By Linnea Anderson, Archivist, Social Welfare History Archives
One of the most enjoyable aspects of teaching with archival collections is participating in the students’ discovery process as they uncover unexpected documents and stories in the archives. It is a chance for staff as well as students to gain new insights about collections.
While preparing materials for an honors seminar on Summer Camps, I discovered Minnie Walker, the “camp cow,” in the Hartley House records at the Social Welfare History Archives. Hartley Farm camp in Towaco, New Jersey was the summer camp for children from Hartley House settlement in the “Hell’s Kitchen” neighborhood on Manhattan’s West Side. Settlements such as Hartley house served as community centers for urban neighborhoods with large immigrant populations. Among many other services, they offered recreational activities and stressed the importance of exercise and the natural environment for children raised in an urban setting. Many settlements sent children to summer camp – often at property provided by a donor.
In addition to being a charming peek at the history of camping, the story of the Hartley Farm cows is also a wonderful example of how much information can be gleaned from only a few documents. The Hartley House records include two registry forms for Holstein cows at the camp. The first is a certificate of registry from The Holstein-Friesian Association of America for a cow named Minnie Walker. Minnie’s sire was the illustriously named Sir Hengerveld Prilly Walker and her dam was listed as Minnie Abbekerk 2nd. She was born in December, 1915; purchased for the camp from W. S. Phillips of Huntsville, New Jersey; and registered in May, 1919. Using the diagram provided on the back of the registry form, someone carefully drew Minnie’s markings in blue ink.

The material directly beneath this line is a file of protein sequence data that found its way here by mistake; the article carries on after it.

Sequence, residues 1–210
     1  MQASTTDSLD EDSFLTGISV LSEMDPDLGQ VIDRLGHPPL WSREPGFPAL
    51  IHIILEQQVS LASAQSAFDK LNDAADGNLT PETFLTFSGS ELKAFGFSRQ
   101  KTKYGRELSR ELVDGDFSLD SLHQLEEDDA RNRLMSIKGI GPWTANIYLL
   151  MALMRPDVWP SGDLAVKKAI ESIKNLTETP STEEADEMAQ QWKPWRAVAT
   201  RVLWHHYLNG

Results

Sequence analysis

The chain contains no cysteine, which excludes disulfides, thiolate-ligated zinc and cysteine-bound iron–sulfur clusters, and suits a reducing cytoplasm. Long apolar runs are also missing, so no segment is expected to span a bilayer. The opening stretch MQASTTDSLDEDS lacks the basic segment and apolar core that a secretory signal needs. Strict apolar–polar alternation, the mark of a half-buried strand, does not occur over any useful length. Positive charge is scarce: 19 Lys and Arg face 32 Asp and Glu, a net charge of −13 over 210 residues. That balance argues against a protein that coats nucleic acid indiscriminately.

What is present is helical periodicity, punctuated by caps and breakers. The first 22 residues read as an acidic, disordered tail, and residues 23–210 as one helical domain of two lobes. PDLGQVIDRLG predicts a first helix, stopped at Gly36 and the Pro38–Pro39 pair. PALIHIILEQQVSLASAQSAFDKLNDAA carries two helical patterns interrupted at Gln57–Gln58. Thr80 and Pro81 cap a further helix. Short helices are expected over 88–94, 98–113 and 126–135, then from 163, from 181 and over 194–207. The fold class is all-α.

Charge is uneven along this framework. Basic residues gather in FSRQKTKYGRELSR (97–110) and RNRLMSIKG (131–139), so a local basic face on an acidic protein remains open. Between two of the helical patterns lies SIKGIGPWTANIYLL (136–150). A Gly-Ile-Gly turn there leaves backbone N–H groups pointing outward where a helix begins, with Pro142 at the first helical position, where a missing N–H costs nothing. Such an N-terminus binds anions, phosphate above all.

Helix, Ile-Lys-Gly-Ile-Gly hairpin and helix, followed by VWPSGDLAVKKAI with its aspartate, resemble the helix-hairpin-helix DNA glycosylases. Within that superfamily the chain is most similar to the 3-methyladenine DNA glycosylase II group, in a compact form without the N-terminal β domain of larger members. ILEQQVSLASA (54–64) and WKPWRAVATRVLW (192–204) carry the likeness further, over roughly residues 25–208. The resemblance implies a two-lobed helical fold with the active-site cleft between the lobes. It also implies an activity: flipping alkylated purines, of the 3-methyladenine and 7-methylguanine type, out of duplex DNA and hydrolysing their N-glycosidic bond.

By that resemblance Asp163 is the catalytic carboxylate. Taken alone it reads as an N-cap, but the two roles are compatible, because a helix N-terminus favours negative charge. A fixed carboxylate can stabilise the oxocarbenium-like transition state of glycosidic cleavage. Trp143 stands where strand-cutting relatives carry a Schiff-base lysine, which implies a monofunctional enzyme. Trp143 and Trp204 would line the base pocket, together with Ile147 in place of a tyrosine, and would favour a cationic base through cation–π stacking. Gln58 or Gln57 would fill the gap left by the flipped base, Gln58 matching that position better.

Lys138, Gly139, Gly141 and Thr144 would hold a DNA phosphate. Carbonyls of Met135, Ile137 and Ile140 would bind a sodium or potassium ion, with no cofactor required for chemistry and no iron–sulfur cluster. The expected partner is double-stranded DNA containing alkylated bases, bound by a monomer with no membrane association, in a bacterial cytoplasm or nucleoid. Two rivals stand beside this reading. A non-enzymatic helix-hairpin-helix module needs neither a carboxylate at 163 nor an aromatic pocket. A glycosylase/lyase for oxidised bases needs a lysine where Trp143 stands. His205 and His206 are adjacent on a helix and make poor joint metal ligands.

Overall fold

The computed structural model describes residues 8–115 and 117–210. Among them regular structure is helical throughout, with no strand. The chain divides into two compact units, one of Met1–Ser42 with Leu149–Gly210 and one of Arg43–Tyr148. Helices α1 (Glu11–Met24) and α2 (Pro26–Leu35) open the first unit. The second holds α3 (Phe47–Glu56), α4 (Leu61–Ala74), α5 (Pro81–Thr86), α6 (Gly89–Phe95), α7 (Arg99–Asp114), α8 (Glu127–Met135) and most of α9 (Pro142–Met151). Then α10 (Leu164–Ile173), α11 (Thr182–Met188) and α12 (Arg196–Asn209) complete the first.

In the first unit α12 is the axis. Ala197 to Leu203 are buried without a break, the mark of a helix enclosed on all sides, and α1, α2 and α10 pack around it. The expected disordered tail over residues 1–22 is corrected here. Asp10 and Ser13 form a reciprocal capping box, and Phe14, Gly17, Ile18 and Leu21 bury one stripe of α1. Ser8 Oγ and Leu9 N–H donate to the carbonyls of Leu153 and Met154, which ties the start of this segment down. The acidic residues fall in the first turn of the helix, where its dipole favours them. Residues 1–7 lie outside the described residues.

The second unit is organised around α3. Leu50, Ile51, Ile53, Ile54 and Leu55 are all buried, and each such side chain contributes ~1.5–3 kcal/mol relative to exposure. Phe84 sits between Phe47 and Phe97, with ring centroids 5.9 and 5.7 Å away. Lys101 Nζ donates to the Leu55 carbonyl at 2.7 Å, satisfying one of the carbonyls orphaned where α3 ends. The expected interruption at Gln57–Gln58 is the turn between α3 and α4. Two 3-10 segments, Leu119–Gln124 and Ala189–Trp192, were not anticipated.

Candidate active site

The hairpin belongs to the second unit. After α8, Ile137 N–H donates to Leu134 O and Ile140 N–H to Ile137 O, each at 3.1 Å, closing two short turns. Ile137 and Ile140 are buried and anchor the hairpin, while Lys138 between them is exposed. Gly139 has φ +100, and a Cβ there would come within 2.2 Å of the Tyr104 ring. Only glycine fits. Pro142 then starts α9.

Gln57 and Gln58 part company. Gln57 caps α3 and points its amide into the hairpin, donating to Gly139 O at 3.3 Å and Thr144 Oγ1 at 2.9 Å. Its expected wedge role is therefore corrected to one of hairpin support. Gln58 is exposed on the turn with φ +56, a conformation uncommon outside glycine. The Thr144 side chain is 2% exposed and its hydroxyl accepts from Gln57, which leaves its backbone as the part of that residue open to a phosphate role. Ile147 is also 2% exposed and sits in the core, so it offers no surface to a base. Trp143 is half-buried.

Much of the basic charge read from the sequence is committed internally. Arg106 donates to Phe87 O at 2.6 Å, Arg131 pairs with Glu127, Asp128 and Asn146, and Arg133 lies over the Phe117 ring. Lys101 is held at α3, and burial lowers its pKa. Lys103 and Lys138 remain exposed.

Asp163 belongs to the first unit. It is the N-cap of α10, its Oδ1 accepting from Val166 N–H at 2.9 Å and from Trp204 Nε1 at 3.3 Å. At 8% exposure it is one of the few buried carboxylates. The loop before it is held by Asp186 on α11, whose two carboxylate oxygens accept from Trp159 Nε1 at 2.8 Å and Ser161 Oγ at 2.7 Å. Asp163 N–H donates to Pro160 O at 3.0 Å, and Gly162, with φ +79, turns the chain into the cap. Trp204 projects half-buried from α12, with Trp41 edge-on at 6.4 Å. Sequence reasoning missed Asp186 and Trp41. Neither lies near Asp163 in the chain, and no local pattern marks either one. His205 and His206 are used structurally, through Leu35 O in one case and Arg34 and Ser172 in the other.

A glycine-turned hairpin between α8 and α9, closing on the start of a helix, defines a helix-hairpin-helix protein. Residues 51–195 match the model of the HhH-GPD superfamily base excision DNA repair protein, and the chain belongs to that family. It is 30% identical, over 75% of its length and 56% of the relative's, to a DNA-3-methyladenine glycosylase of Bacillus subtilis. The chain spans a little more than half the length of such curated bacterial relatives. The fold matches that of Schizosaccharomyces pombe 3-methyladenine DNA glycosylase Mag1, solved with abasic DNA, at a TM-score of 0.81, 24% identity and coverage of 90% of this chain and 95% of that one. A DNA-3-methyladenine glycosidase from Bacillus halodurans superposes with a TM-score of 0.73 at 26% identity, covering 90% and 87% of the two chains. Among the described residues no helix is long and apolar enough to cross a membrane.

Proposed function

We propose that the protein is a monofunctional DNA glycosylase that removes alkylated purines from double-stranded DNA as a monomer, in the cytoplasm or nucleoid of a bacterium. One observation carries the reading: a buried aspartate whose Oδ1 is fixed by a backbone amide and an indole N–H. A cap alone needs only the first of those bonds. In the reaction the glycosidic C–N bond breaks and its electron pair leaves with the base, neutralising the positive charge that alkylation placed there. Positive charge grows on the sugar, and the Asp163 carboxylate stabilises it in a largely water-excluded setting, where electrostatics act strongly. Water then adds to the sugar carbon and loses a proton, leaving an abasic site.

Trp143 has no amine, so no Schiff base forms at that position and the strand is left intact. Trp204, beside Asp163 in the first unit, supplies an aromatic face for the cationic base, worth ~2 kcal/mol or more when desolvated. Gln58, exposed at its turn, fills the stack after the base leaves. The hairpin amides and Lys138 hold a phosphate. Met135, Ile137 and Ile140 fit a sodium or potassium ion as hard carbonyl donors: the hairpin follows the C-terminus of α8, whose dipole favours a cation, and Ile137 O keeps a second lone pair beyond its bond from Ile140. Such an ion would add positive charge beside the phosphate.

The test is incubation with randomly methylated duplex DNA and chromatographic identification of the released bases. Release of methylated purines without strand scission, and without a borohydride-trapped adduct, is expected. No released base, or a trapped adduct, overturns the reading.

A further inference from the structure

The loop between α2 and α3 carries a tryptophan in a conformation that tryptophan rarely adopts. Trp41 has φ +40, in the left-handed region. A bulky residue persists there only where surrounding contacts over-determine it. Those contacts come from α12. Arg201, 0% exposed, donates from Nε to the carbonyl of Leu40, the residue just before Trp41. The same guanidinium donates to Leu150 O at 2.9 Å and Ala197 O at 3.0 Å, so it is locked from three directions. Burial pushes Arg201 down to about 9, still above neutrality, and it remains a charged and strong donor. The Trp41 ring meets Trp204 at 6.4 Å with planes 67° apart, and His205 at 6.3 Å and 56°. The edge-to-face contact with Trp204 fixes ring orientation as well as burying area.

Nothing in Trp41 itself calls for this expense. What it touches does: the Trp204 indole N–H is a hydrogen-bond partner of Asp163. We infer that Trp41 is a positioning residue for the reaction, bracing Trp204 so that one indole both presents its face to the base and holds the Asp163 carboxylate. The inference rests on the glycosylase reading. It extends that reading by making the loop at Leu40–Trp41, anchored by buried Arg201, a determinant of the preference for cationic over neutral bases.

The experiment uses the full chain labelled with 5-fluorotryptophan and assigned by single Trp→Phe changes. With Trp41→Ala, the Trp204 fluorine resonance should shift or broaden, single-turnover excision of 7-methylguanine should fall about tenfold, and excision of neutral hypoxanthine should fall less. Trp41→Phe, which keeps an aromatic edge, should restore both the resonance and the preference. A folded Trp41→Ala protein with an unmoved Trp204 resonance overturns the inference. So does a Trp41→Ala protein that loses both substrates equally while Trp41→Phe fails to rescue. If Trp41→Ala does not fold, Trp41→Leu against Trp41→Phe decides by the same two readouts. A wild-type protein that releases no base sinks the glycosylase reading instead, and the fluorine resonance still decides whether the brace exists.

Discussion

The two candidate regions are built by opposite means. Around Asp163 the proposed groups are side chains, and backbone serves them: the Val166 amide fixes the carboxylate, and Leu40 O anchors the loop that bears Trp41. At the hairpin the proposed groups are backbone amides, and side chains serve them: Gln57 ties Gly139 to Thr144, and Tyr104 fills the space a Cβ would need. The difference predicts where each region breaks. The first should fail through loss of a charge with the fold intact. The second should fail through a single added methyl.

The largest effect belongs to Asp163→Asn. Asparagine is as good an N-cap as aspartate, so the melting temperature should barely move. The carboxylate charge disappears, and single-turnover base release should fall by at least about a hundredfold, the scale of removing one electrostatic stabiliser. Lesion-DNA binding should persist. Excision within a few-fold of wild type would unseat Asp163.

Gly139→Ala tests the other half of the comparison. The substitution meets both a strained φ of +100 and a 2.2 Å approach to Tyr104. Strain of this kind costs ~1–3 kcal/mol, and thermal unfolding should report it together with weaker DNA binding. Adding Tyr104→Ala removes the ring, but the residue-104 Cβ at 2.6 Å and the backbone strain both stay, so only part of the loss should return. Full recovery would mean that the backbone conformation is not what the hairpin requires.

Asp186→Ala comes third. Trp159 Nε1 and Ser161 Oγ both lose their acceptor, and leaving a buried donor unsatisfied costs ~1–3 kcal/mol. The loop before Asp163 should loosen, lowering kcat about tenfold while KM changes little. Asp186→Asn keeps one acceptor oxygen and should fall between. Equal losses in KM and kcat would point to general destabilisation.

But, why keep cows at camp? Milk, of course! The children needed a steady supply of fresh milk. Settlement houses were often a source of milk for children in the neighborhood. Many ran “pure milk stations” and provided instruction for mothers on how to purchase and store milk. Settlement staff members were concerned with poor nutrition and adulterated or spoiled milk as a source of disease. This concern extended to the diet of summer campers.
There is no record in the file of how long Minnie provided milk for the children at Hartley Farm camp, but a second registry form provides a clue about her legacy. Sometime in the early 1920s (the document is not clearly dated), someone filled out a registry form for another Holstein cow named Daisy Walker. Daisy was born in 1923 or 1924. Her dam is listed as Minnie Walker, suggesting that this is the same Minnie listed on the earlier form.
It is even possible to get an idea of Minnie and Daisy’s home, thanks to notes and hand-drawn plans of the barn on the property and photographs showing fields and outbuildings. Other photographs show chickens, dogs, cats and horses at the camp in addition to cows. There is no clearly identified photograph of Minnie or Daisy, though there is one tantalizing image of a horse and three cows resting under a faraway tree. Another photo from the 1910s shows campers and staff milking two Holstein cows. It is possible that one member of this small herd is Minnie. Hartley Farm appears to have functioned as a combination camp and working farm. In fact, staff at many settlement house camps considered gardening, light construction and other forms of outdoor work as healthy character building activities for youthful campers that should be part of camp life along with the usual activities such as hikes, games, sports and skits. Other collections in the Social Welfare History Archives help to create a vibrant picture of a lost era of summer camping. Do these other files contain hints about the lives of camp pets and livestock? You never know until you starting looking!